Perception and Treatment Seeking Behavior for Malaria in Rural Nigeria: Implications for Control

Abstract

The treatment seeking behaviour and perceptions of cause of malaria amongst caregivers of children under-five living in rural Nigeria,was studied using a cross sectional survey conducted in UgwuogoNike ,a rural community in south-east Nigeria, between November 2001 and April 2002. Quantitative and qualitative research methods were employed using structured questionnaires and focus group discussions. Two hundred and seventy-five out of the 300 care givers were mothers and majority (60.7%) reported malaria to be a common illness. Heat from the sun was the most popularly reported cause of malaria (49.3%). Correct knowledge of mosquitoes causing malaria varied significantly with the level of education.. Most of the interviewed caregivers were familiar with signs and symptoms of malaria and self treatment with inappropriate doses of chloroquine was used by the majority (83.7%) while drug sellers were their most (52.3%) popular source of care. Poor utilization of formal health facilities was noted to be due to cost and absence of health personnel. The most popular treatment for severe malaria by caretakers was herbal remedies. Athough some reasonable knowledge of the symptoms of malaria was found, there is still need for intervention measures directed towards correcting misconceptions about the cause of malaria and improving treatment seeking behavior. It is recommended that appropriate home management with early recognition of symptoms and features of severe illness , correct use of effective anti-malaria drugs and prompt referral of severe cases should be promoted since majority resort to self-treatment. Corresponding author: D. H. U. Okafor Department of Paediatrics, College of Medicine, University of Nigeria, Enugu Campus, Enugu, Nigeria. E-mail: huche57@yahoo.com INTRODUCTION Malaria is the most important parasitic disease in the tropics and remains of highest public health importance. About 90% of all malaria deaths in the world today occur in Africa, south of the Sahara. An estimated one million people in Africa die from malaria each year and most of these are children under five years old (WHO, 2002). In Nigeria, malaria transmission is holoendemic and more than 90% of the population lives in areas with stable malaria. It is one of the leading causes of childhood morbidity and mortality with a prevalence rate of 919/ 100,000 and is responsible for 25% and 30% of infant mortality and childhood mortality respectively. Malaria is responsible for over 300,000 deaths in children annually (FMOH, 1983), most of these deaths result from severe and complicated malaria especially in rural areas (Salako, 1994). Fifty percent of outpatient consultations and 15% to 31.3% of hospital admissions occur on account of the disease. It is estimated that 92% of the childhood deaths occur at home (Greenwood et al., 1987), mothers and other caretakers are therefore of foremost importance in recognizing mild or severe malaria disease and seeking treatment for their wards. Most caretakers begin treatment at home with antimalarial drugs and antipyretics purchased over the counter from drug sellers without prescription and usually with inappropriate doses of chloroquine (Derming, 1989; Igun, 1987; Lipowsy, 1992), which often results in poor quality of care and fosters the development of drug resistance(Bermejo, 1993). The ultimate resort after home treatment has failed is the formal health sector. Prompt and effective treatment of all children with malaria is a critical element of malaria control. People who become ill with the disease need prompt and effective treatment to prevent the development of severe manifestations and death (WHO 2003). Early treatment depends upon prompt recognition of symptoms and signs of malaria in the household, mainly by women. Early 216 T.A. OKEKE AND H.U. OKAFOR treatment also requires that appropriate health services and medication are accessible and utilized (Tanner et al.., 1998). The success of this strategy depends on the behavior of patients and caretakers of young children and it has been documented that treatment seeking behavior is related to cultural beliefs about the cause and cure of illness (Bledsoe et al., 1985). In some cases, illnesses are seen as amenable to treatment by modern practitioners, while others are considered best treated by traditional healers (Press, 1980). Illness ideas and behaviors may enhance or interfere with the effectiveness of control measures (Klein et al., 1995). An understanding of communities’ beliefs and behaviors is therefore crucial to the success of a specific control measure. This study aims to ascertain the current perception of cause and treatment seeking practices of caretakers in a rural area in order to identify probable areas of intervention for the control of malaria in the under-fives.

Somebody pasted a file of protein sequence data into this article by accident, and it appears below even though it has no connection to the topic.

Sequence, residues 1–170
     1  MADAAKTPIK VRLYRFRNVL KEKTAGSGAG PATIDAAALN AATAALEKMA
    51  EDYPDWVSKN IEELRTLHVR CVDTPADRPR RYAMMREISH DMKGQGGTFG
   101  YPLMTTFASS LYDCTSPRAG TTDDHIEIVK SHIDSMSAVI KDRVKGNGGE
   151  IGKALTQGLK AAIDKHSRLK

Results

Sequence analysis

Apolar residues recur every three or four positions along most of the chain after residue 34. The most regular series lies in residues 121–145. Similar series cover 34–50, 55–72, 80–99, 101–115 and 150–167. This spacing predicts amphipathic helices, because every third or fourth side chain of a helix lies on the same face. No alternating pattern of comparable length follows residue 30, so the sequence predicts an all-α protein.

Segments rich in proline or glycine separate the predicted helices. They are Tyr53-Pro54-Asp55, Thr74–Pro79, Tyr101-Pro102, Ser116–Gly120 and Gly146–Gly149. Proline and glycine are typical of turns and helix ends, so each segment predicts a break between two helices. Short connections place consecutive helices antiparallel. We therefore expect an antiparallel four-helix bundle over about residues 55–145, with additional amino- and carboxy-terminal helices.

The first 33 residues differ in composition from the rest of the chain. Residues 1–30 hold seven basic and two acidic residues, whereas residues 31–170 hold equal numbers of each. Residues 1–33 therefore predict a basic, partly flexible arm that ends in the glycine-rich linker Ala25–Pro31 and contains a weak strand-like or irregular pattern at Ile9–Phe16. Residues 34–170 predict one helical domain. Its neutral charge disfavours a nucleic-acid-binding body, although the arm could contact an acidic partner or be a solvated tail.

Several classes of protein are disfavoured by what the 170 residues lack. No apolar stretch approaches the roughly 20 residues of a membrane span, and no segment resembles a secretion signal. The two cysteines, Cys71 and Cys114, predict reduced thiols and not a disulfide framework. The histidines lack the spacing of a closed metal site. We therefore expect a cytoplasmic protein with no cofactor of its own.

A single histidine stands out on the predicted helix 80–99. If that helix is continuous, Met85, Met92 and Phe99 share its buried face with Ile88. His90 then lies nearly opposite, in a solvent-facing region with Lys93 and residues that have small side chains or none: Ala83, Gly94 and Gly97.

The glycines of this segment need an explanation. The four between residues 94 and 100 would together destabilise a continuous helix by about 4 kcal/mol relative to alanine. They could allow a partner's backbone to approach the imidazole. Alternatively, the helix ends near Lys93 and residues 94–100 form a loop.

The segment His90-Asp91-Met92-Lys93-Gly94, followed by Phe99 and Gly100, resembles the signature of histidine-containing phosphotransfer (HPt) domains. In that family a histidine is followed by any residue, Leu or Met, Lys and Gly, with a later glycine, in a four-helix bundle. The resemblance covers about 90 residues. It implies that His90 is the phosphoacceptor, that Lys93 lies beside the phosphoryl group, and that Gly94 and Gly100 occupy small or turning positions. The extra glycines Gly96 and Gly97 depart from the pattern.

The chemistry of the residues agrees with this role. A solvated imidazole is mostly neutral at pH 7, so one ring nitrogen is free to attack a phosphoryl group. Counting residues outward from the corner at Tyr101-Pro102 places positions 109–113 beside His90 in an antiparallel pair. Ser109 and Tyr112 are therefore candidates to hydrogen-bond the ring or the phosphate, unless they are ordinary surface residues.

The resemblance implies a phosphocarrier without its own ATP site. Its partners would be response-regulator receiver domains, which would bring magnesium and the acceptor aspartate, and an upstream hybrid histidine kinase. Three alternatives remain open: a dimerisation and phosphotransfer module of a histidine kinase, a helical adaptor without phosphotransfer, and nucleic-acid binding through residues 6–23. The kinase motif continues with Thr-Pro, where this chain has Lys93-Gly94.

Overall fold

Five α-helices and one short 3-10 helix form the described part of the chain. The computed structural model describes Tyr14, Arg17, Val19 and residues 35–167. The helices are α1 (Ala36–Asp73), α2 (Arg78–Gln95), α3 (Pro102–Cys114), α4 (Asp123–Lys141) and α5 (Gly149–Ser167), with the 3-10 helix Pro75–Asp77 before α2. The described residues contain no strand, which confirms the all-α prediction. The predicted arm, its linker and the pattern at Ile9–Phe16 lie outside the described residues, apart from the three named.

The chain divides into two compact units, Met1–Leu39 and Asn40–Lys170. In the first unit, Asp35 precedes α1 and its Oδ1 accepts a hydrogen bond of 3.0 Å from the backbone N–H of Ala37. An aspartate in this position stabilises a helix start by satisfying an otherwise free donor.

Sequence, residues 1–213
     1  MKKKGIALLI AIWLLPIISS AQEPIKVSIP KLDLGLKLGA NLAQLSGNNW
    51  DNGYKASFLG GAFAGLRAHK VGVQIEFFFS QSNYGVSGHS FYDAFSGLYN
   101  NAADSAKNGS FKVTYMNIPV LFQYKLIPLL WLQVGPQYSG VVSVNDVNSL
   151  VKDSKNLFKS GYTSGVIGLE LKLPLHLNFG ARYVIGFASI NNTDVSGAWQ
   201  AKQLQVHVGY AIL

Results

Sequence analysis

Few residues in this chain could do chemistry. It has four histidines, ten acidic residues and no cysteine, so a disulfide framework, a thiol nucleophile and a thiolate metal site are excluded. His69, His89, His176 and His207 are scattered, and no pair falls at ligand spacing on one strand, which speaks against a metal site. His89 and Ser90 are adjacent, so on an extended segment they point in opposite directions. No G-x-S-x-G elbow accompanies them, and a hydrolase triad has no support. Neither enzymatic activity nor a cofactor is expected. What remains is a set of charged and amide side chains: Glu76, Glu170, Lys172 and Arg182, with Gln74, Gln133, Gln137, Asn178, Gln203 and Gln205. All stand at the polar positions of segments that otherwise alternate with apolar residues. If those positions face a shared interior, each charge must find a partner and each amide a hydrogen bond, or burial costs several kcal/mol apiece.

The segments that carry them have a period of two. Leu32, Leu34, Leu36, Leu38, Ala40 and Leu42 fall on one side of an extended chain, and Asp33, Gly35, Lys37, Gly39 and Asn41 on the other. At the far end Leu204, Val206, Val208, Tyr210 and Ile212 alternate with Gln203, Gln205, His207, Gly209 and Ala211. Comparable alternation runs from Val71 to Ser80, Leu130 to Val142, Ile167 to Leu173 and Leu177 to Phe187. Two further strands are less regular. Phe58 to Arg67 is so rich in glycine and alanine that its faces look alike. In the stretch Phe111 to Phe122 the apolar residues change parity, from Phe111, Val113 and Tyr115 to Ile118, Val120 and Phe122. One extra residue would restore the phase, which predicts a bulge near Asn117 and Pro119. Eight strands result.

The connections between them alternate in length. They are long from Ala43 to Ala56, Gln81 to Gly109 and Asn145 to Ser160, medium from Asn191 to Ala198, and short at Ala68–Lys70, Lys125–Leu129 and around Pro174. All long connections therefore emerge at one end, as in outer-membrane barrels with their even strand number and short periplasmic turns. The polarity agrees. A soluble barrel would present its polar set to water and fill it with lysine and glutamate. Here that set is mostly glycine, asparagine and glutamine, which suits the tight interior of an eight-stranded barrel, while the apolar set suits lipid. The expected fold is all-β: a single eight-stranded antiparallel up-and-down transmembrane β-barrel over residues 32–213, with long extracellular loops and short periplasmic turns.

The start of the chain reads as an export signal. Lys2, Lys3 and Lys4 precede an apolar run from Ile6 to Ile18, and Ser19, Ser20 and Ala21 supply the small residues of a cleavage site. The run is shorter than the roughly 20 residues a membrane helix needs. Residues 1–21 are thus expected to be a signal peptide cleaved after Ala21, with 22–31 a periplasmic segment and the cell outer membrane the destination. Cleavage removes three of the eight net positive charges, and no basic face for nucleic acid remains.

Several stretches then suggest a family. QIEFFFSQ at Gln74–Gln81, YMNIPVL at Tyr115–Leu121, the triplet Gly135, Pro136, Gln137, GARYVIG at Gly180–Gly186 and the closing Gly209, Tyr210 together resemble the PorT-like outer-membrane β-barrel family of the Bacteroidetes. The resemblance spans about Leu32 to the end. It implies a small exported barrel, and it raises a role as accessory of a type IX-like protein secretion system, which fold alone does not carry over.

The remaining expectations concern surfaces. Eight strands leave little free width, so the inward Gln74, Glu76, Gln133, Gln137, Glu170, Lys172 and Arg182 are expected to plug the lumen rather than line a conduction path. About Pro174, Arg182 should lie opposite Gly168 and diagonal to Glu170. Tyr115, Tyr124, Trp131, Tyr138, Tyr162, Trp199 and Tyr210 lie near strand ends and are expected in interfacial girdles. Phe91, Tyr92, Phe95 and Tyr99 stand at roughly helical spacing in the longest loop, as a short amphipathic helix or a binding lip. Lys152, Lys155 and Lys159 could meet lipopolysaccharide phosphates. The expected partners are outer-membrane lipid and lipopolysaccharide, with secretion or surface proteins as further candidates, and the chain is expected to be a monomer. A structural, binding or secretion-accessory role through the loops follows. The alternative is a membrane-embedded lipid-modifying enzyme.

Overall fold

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@inproceedings{Okeke2008PerceptionAT, title={Perception and Treatment Seeking Behavior for Malaria in Rural Nigeria: Implications for Control}, author={Theodora A Okeke and Henrietta Uche Okafor}, year={2008} }